Boomerang Boys

What is a Dad to do When Junior Moves Back Home?
By Aaron Welch, LMHC, NCC

Theyyyyyyy’re baaaaaaaack!
Yes, you thought you had done your part. You deceived yourself into thinking that you had already lived through those adolescent years with your son. You really believed that he had spread his wings and left the nest and that you had paid your debt to society. Yes! Now, you could do everything you wanted to do before: Travel, drive that classic convertible you couldn’t afford while he was home, spend quality time talking and bonding with your wife (okay . . . maybe you weren’t really thinking THAT) . . . or how about . . . dare I say . . . relax? (The crowd gasps at the mere sound of the word). I suppose if we were still living in the middle of the 20th century, you might have been right. But, well . . . we’re not. And more and more young men are moving home in their early twenties, not knowing what to do with their lives (even though you spent a zillion dollars on their education). What is a father to do? Kick them out? Beg them to leave? Play "rock, paper, scissors" and the loser leaves town??? I guess you COULD do these things. Of course, your wife would kill you in your sleep but you COULD do them.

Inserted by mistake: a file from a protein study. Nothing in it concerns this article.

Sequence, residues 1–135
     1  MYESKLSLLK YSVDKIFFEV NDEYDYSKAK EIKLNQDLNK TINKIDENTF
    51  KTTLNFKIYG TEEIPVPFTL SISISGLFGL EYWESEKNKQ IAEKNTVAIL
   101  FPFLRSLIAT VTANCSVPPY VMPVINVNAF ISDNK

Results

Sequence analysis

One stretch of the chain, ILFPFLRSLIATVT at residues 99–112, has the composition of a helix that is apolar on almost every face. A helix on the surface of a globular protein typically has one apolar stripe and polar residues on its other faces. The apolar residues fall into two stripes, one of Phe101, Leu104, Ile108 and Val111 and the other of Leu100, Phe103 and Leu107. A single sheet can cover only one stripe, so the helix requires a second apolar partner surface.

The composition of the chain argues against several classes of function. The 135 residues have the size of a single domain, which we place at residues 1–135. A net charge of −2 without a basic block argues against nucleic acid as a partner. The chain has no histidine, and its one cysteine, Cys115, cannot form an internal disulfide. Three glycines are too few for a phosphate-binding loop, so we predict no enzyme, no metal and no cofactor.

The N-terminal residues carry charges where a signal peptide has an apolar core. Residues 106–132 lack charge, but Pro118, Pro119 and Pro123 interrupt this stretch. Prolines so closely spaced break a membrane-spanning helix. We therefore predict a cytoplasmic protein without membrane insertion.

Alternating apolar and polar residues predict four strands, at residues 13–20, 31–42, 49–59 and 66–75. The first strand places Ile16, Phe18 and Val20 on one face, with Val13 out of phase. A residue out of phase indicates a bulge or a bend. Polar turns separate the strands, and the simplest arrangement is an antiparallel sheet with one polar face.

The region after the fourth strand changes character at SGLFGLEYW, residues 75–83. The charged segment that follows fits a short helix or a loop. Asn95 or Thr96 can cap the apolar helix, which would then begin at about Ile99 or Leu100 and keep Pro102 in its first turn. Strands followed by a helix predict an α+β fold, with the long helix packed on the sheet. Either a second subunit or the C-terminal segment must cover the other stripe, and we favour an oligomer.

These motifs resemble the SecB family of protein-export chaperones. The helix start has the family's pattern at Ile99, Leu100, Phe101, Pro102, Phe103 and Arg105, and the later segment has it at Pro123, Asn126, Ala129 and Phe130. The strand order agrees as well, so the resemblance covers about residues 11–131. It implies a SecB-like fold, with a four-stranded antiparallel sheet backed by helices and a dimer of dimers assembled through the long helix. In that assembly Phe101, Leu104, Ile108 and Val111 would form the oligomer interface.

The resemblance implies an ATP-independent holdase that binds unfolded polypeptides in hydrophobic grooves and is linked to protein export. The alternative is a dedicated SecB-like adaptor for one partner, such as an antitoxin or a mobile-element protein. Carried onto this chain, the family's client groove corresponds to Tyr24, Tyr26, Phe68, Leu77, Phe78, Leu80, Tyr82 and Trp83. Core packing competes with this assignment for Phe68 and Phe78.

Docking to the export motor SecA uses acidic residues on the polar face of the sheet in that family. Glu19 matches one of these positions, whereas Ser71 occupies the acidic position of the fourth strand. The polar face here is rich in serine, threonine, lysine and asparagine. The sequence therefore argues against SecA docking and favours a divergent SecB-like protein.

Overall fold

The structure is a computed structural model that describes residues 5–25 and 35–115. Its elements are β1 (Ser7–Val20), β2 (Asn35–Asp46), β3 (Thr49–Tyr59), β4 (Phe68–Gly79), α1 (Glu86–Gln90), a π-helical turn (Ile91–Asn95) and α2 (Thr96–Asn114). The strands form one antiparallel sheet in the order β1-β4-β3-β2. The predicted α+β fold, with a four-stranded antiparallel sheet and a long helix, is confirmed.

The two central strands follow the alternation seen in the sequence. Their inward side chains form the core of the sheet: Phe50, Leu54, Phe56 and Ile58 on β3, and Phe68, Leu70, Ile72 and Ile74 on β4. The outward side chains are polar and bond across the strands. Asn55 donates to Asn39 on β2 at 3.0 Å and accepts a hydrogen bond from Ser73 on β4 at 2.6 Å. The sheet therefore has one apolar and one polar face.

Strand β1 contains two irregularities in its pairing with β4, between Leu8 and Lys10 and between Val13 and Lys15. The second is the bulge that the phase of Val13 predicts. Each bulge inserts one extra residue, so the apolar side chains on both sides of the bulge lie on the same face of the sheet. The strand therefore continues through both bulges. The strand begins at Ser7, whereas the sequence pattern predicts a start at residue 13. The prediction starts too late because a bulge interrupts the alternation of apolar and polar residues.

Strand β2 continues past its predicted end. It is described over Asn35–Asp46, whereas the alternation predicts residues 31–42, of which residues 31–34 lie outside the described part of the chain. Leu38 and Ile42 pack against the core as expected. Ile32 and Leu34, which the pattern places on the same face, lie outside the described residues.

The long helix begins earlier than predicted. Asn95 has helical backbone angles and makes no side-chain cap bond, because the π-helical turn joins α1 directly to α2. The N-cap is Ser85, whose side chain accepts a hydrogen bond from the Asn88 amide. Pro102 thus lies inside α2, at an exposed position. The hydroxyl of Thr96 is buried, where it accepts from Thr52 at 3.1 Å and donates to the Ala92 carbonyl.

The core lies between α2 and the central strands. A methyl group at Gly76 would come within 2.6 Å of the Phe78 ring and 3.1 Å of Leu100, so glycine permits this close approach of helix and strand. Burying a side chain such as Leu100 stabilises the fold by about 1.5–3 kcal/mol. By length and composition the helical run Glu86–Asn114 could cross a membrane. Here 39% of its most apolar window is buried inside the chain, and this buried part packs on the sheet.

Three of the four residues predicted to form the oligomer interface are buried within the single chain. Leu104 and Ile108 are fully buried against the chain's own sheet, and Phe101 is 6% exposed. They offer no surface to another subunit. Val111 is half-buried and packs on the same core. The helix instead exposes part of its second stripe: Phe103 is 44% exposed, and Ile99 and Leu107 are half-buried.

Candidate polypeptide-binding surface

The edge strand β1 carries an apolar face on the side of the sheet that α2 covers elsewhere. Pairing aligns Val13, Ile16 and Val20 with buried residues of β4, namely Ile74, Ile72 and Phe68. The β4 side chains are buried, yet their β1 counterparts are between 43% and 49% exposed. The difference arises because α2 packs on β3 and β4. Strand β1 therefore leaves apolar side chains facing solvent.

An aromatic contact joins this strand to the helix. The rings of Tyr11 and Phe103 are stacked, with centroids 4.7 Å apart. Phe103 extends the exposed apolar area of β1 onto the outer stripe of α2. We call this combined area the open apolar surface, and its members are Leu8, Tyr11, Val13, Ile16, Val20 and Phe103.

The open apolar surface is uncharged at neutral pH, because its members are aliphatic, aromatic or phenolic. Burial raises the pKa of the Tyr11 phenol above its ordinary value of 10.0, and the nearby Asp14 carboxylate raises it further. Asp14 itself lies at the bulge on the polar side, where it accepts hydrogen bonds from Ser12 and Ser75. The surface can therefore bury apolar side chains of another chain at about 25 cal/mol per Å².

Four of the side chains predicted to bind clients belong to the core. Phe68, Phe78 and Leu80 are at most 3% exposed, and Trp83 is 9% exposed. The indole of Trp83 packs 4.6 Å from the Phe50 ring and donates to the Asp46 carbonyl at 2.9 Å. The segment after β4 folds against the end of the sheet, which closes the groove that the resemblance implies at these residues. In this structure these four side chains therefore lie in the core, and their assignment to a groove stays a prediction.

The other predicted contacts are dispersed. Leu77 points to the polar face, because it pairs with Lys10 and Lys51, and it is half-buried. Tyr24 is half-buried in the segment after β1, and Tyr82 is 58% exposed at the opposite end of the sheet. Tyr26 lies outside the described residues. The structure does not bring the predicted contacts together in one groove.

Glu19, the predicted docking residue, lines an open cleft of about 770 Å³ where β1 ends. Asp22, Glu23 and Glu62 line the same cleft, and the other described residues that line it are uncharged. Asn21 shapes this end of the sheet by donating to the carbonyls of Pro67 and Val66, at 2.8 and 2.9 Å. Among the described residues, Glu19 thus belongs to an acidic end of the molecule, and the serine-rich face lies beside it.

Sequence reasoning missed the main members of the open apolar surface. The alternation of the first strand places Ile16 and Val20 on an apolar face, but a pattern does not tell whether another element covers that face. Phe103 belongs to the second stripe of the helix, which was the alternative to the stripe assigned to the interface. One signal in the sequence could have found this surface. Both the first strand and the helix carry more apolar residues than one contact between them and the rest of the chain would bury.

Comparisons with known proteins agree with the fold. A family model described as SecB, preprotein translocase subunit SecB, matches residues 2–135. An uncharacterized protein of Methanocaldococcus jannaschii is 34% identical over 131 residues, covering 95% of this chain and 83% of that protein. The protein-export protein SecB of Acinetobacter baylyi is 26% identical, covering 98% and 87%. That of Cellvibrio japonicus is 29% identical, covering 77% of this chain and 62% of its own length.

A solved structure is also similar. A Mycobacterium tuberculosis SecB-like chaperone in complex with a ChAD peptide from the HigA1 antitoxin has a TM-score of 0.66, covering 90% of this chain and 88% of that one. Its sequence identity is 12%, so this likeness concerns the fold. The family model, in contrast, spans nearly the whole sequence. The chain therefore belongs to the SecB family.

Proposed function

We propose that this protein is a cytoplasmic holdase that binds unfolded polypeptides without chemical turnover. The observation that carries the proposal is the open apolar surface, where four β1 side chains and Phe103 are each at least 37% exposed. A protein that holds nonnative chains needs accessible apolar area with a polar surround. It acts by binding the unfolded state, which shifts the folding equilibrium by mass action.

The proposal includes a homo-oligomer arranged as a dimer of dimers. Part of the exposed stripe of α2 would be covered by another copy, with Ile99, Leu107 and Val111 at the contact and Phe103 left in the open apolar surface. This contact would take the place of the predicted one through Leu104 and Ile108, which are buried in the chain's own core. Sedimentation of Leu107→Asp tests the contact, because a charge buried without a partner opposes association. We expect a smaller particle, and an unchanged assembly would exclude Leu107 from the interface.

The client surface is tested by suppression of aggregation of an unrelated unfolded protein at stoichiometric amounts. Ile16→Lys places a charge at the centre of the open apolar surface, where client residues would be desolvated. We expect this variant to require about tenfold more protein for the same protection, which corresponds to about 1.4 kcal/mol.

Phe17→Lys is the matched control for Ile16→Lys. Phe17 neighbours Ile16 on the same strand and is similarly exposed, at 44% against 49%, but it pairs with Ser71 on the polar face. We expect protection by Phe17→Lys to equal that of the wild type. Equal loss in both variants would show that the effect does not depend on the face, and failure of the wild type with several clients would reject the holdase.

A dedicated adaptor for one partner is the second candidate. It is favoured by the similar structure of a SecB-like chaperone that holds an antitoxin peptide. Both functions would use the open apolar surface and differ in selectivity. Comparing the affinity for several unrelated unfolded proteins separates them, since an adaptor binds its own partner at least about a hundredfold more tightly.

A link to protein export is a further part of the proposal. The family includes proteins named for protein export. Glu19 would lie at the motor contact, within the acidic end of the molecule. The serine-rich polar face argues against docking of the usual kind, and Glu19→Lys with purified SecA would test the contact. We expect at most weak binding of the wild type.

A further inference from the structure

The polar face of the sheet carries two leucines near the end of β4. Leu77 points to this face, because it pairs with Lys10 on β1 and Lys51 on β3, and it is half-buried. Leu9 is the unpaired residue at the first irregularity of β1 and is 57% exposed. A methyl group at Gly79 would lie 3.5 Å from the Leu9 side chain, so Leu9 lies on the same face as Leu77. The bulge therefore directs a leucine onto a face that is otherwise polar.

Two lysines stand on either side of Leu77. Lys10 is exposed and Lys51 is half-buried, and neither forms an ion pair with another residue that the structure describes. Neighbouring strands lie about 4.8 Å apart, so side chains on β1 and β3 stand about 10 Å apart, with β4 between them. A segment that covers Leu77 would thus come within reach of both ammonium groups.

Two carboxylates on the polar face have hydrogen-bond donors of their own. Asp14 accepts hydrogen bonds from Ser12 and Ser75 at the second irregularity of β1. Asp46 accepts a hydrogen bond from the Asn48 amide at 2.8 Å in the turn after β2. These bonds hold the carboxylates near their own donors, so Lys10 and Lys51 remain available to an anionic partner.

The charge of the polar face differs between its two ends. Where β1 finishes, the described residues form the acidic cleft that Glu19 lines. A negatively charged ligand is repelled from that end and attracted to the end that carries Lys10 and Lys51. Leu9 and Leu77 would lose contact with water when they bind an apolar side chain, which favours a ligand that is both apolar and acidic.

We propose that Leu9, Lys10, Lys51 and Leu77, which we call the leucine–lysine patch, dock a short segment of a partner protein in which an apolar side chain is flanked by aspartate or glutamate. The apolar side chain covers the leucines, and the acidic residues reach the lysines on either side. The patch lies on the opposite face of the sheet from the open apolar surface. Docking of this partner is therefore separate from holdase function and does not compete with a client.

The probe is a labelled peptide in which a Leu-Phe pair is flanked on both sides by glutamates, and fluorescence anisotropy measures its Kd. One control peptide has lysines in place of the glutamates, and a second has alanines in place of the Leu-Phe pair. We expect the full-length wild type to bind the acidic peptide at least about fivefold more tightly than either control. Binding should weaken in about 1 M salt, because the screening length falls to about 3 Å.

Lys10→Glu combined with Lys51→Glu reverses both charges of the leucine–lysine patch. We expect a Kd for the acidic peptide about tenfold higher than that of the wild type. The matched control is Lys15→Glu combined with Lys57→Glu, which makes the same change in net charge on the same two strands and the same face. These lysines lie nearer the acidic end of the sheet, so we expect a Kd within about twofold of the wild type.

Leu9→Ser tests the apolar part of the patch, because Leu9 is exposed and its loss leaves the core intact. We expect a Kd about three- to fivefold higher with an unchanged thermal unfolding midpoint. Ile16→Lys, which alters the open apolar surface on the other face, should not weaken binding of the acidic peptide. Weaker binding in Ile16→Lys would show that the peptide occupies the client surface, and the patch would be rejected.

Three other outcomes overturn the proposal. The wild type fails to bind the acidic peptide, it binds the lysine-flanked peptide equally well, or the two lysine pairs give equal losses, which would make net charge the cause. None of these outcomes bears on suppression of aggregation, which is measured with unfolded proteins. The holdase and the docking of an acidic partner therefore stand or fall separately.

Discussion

Seriously, the relationship between fathers and their sons is still primary to emotional health and the overall development of young adult men, even when that son is 22 and has moved home again. In fact, your son may need you more at this time of life than he did four years prior.
Why?
First, if he is moving home, it often means he feels defeated in some way, as if he has realized life is harder than he bargained for. Of course, you knew this long ago and tried to tell him (back when he thought you were really stupid) and I suppose you could go with the "nanny-nanny boo-boo, I told you so" route. However, I doubt this would do anything to help either one of you (and remember, your wife is watching). No. Often your son feels defeated or overwhelmed with life and the good part is he is often more open to your advice at this point. This might be the best opportunity you have ever had to REALLY build a relationship with your son in which you can truly mentor him, nurture him, and teach him how to move into manhood. I know, I know . . . you wanted to do that when he was sixteen but maybe he wasn’t ready then. Chances are that he is more ready now.